Army Reserve Units Have High Turnover Prior to Deployment

For Release

August 9, 2010

Army Reserve Component units experience widespread personnel turnover as they approach mobilization and deployment, prompting many units to schedule intensive training just before mobilization in order to get all soldiers prepared for deployment, according to a new study from the RAND Corporation.

The study found that 40 percent to 50 percent of soldiers in deploying units, both active and reserve units, have been in that unit for less than one year, with new personnel transferred in to reach the unit's targeted deploying strength. This is particularly a challenge for reserve units because they have limited time to train before they mobilize, and raises questions about reserve readiness.

The turnover prompts reserve units to try to schedule much of their training during the last few months before mobilization, when unit staffing is more stable. When that is not possible, the units must repeat some elements of training for the newcomers.

“Nevertheless, the system has proved resilient,” said Thomas Lippiatt, co-author of the study and a senior defense research analyst with RAND, a nonprofit research organization. “Ninety-five percent of soldiers who were scheduled to deploy were in place by the mobilization point, the Army did complete required training of the newcomers before deployment, and no unit missed its required theater arrival date.”

The study draws on information from the Department of Defense for all Army personnel from 1996 through 2008, including infantry battalions, military police companies and truck companies. In total, 153 reserve unit deployments from 2003 through 2008 were examined, representing more than 40,000 authorized positions.

“Much of the turnover we observed stems from soldiers moving into other units, often being transferred by the Army,” said J. Michael Polich, co-author of the study and a RAND senior behavioral scientist. “These turnover rates have not risen since the period before the 9/11 terrorist attacks. There's no evidence of people ‘bailing out’ of units as deployment approaches.”

About 30 percent of all soldiers in reserve units at deployment date did not deploy; some moved to another unit, some deployed later and others remained at the home station as part of a rear detachment. In some cases, this may reflect the Army's efforts to accommodate service members' personal circumstances or hardship; in others, it may be the result of the Army's need to fill a particular specialty or to make sure service members in the unit have completed training.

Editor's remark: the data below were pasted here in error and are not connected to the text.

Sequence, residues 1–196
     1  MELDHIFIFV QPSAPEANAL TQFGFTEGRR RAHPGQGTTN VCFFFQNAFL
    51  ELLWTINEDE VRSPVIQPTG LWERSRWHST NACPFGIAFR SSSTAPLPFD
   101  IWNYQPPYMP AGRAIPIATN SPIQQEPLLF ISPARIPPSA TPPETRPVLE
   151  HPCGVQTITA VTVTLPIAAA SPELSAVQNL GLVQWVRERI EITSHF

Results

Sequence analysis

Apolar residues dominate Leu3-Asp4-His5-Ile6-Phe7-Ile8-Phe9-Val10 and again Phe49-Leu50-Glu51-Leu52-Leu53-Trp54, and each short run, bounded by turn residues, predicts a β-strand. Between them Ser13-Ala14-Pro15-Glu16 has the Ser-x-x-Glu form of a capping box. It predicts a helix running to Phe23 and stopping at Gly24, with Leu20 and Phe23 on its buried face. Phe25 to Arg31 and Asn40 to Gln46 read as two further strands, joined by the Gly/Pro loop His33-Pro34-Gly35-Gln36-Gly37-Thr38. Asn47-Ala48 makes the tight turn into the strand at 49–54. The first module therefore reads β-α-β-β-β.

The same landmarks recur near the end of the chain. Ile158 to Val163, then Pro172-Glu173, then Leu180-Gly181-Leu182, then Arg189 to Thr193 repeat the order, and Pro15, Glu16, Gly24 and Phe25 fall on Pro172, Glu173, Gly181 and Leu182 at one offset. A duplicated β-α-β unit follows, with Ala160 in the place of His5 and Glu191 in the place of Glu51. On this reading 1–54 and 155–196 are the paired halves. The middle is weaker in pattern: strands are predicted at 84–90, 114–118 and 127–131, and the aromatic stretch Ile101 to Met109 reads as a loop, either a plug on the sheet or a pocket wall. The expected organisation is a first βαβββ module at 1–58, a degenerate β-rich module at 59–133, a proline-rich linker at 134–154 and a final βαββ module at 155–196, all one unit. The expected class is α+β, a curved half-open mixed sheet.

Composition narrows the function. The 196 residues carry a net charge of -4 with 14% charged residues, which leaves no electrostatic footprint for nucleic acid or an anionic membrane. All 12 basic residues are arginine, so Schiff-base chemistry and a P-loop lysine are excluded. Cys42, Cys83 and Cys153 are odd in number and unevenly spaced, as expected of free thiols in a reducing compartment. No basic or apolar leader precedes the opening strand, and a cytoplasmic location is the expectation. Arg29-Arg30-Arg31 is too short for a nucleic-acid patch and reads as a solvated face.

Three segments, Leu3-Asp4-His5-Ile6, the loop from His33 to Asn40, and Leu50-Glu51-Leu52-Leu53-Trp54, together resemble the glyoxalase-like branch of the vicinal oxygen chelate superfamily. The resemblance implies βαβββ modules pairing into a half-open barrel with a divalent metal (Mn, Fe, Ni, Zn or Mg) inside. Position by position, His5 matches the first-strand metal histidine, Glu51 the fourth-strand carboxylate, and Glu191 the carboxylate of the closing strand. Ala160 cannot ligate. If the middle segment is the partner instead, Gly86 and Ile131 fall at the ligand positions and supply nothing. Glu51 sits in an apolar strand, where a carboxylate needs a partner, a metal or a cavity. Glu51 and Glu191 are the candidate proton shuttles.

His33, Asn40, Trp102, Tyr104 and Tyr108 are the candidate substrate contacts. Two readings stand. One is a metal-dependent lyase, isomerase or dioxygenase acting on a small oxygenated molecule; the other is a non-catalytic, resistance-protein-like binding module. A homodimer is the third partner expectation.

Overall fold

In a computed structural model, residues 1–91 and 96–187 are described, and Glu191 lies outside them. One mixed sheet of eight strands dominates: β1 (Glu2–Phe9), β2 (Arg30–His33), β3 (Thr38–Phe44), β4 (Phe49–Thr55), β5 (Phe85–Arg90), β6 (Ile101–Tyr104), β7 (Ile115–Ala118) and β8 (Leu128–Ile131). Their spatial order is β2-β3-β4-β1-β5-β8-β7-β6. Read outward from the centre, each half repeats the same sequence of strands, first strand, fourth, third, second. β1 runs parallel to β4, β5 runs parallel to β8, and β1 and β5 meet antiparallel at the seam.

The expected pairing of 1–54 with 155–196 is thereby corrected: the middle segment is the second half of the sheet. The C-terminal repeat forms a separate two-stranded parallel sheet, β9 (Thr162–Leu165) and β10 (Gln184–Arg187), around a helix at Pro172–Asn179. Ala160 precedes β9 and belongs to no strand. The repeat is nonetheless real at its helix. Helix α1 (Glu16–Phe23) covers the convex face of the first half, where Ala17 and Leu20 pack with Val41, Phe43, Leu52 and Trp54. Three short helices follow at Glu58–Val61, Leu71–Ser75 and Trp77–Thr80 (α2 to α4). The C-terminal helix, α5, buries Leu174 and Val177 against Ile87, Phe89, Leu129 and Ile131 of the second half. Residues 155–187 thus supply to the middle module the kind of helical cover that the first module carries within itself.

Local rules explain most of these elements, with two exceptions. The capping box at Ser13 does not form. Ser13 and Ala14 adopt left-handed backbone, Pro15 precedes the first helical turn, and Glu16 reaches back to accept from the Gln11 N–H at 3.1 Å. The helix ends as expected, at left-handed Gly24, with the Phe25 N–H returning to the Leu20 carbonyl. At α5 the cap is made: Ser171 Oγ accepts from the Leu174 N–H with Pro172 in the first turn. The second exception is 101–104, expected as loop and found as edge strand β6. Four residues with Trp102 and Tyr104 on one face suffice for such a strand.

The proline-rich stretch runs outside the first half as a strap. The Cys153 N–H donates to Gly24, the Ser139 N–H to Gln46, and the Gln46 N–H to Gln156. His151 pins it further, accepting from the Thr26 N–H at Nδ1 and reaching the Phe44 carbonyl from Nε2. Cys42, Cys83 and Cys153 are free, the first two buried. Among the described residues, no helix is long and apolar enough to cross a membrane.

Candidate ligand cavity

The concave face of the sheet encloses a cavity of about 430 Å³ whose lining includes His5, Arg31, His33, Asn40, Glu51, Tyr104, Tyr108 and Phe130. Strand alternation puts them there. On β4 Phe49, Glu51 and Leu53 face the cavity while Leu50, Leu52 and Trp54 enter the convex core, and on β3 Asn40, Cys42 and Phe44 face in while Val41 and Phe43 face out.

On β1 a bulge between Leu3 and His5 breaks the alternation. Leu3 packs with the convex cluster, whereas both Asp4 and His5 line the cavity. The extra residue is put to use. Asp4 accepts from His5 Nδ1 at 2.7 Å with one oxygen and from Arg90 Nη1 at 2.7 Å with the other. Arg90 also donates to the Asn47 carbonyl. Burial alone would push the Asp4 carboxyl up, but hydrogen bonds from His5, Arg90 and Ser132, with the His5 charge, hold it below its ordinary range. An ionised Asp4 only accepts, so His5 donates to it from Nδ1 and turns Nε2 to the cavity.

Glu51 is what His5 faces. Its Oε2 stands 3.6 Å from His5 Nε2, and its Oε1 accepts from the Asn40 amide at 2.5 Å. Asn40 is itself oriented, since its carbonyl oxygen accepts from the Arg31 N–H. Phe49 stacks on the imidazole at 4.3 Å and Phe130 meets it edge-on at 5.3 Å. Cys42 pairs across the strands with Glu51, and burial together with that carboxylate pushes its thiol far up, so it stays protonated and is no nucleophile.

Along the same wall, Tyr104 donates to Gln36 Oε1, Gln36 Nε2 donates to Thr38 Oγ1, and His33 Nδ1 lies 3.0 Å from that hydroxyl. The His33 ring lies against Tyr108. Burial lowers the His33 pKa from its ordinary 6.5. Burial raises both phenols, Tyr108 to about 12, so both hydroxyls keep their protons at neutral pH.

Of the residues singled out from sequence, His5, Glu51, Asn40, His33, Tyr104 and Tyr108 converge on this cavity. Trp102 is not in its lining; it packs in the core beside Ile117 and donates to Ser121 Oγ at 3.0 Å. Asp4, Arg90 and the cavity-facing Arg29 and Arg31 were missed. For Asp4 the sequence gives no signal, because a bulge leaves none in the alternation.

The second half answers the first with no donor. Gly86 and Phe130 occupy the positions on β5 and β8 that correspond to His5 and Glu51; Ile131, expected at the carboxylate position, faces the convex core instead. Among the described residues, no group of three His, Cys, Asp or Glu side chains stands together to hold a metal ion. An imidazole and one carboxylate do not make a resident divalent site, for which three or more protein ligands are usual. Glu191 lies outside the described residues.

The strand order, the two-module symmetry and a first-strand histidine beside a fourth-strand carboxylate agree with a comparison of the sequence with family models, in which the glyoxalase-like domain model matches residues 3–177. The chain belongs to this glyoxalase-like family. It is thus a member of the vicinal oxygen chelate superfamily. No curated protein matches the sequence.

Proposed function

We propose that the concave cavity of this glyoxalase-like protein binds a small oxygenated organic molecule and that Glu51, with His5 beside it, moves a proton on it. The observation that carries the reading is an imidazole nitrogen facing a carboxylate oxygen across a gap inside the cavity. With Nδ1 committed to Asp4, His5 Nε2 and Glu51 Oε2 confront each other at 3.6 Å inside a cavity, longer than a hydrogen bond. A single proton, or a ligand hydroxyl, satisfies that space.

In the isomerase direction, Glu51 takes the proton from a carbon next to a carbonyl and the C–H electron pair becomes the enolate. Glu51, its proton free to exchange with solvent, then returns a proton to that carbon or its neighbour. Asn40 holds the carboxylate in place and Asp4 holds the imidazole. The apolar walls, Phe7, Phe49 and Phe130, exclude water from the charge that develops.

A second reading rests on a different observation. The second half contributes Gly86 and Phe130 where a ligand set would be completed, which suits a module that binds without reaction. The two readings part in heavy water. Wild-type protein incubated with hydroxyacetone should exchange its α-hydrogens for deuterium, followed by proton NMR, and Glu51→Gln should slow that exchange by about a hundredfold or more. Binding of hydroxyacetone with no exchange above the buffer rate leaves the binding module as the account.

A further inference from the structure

Regardless of the reason, frequent personnel turnover affects how the unit is trained. While units undergo a rapid buildup of personnel four to six months before mobilization, some units conduct important training events as much as a year prior to deployment, on such tasks as weapons qualification, combat lifesaver training, urban warfare techniques and dealing with improvised unexploded devices. In some cases, this training was conducted early enough that 30 to 50 percent of the soldiers scheduled for deployment would have missed the training, which requires additional training to be scheduled before or after mobilization.

Many different groups with different conditions contribute to turnover, the report said, but most represent just a small fraction of the problem, and many would be difficult to affect by policy. Analysis of the probable effects of possible policy interventions showed that even with multiple policy changes and reasonable degrees of success, the reserve corps will have to live with a substantial amount of instability in the run-up to mobilization and deployment.

Lippiatt and Polich note that there are several policy interventions the Department of Defense could try, but each comes with its own set of trade-offs. If the department clusters training just before mobilization, that could mitigate some of the inefficiencies of doing the training earlier, but might lead to lower participation rates if the training is too intense over too short a period of time. Postponing some training until after mobilization could also be advantageous, but would need to be tested.

The study, “Reserve Component Unit Stability: Effects on Deployability and Training,” can be found at

The study is the final report of a research project, “Unit Stability and its Effect on Deployability and Training Readiness,” sponsored by the Assistant Secretary of Defense for Reserve Affairs. The research was conducted within the Forces and Resources Policy Center of the RAND National Defense Research Institute, a federally funded research and development center sponsored by the Office of the Secretary of Defense, the Joint Staff, the Unified Combatant Commands, the Navy, the Marine Corps, the defense agencies and the defense Intelligence Community.

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